This issue isn't so cut and dry.
Here is a case where the baker won at the Supreme Court over a wedding cake but found himself in court again where, in my opinion, he was just being targeted.
Religious convictions do matter.
While you are correct discrimination is wrong, not wanting to provide a certain service to a gay couple isn't necessarily discrimination.
Personally, this is another area I don't believe "gay marriage" is necessarily part of "gay rights". Gay people deserve all rights and privileges provided by "marriage", but it's not a given "marriage" is the only way this must be accomplished. Protections of relationships and recognition that 2 people are legally a couple is a right as far as I'm concerned. But "marriage" isn't necessarily the way it must be done. "Marriage" is not a gay right. Legal protection is.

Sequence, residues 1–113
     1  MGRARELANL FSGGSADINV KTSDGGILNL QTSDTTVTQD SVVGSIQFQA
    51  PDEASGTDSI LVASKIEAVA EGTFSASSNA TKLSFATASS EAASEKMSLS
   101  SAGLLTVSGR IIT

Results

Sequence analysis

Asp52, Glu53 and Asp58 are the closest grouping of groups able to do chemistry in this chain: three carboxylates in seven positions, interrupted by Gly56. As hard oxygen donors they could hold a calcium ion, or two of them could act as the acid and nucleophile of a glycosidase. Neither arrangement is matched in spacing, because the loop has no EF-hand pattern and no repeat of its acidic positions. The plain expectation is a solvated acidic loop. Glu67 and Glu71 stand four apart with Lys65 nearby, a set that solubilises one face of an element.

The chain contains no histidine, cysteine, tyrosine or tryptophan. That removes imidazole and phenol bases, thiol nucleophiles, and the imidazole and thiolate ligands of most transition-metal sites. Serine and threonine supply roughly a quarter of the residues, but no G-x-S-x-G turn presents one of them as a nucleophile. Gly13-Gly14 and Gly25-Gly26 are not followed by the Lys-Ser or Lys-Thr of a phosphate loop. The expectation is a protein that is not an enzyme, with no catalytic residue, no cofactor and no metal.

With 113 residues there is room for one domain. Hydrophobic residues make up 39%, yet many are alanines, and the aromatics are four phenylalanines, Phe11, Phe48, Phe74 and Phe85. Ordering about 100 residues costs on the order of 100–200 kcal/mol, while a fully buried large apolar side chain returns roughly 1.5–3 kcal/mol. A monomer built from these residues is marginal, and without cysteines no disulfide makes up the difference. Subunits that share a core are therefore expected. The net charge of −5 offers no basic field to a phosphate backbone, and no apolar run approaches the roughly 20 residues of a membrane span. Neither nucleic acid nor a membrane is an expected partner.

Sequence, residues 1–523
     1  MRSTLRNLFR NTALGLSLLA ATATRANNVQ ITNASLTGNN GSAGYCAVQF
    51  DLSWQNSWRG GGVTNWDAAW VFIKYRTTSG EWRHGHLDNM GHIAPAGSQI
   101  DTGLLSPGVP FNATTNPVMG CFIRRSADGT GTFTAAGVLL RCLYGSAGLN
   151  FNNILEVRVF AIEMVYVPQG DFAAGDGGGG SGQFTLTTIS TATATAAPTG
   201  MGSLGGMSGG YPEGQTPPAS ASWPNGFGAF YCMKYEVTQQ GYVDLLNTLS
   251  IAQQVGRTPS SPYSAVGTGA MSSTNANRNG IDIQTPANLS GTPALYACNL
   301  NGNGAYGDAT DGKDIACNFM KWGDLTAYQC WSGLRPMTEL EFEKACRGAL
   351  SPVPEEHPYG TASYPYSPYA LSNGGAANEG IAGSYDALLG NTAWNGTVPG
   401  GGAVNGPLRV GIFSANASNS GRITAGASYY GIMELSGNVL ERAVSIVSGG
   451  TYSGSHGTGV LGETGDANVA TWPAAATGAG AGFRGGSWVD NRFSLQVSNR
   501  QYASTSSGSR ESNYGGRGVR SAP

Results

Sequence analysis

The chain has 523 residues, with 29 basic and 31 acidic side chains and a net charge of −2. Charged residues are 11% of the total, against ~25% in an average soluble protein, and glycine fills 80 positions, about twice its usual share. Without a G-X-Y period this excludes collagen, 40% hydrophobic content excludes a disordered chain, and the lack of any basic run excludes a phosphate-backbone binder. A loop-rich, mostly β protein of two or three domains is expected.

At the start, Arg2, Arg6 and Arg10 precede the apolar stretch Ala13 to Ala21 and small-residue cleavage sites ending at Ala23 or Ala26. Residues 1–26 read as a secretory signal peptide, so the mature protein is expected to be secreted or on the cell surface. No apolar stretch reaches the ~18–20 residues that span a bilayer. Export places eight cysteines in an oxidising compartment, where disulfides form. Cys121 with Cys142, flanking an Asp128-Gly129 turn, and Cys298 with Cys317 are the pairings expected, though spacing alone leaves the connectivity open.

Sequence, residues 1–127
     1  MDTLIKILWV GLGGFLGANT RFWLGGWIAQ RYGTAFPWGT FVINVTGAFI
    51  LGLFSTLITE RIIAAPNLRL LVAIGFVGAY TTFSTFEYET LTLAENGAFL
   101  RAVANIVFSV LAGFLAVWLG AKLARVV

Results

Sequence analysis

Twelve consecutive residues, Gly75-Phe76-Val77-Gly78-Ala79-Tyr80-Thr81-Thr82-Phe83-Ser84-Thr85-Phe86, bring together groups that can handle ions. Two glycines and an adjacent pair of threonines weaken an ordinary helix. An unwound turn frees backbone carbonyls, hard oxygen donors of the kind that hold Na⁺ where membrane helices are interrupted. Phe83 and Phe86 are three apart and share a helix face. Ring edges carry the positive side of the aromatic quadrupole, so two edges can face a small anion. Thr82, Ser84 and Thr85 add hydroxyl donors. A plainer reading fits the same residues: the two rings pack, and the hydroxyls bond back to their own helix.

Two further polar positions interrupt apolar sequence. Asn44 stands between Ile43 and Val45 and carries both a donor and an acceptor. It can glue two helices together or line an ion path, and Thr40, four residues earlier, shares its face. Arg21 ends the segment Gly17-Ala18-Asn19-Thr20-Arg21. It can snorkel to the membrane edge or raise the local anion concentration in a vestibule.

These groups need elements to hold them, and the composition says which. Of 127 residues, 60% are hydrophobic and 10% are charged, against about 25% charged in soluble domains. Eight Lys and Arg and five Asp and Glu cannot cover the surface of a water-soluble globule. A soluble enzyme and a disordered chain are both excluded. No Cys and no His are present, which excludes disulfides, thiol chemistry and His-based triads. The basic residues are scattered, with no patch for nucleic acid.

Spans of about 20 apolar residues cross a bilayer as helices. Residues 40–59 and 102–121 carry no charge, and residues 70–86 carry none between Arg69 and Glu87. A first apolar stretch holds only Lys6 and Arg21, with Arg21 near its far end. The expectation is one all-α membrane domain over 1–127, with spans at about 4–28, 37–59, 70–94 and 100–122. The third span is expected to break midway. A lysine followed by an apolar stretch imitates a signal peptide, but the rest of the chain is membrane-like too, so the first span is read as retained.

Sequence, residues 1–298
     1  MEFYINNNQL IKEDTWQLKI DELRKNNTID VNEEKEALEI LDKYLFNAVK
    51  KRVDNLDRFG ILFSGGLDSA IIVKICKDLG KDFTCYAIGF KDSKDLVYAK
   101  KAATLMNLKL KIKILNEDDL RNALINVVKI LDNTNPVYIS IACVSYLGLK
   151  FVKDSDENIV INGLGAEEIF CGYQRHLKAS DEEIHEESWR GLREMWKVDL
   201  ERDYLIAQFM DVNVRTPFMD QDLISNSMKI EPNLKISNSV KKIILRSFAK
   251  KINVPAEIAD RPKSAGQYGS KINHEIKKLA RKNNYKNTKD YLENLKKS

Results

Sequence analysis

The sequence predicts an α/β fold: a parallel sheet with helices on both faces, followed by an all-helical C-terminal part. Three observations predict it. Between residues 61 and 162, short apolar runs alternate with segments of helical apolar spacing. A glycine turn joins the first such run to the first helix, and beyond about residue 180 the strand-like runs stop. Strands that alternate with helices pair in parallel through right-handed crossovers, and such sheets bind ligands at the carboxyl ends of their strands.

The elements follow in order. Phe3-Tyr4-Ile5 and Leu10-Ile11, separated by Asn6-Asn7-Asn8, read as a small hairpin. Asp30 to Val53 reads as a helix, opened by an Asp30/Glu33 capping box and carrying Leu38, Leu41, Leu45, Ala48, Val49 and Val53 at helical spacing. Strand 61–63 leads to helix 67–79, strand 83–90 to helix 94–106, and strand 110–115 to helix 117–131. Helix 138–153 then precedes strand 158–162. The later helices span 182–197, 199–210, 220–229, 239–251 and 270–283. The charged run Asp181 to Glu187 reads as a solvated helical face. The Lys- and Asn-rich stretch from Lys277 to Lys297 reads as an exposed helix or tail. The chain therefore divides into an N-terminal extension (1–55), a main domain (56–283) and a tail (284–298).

Interestingly, Gay Marriage became federally recognized not so much because it was determined gays are entitled to marriage. What the Supreme Court said was states must recognize same sex marriages that were done legally in states that do support it.
From what I've read, Gay Marriage exists nationwide de facto. It came in through the back door, so to speak.
Now the question is will churches that do not recognize same sex marriage and certainly not permit it be done in their sanctuary be forced to accept it and make it part of their doctrine de facto.
I encourage anyone who wants to explain to me how Gay Marriage passed the Supreme Court in a different perspective.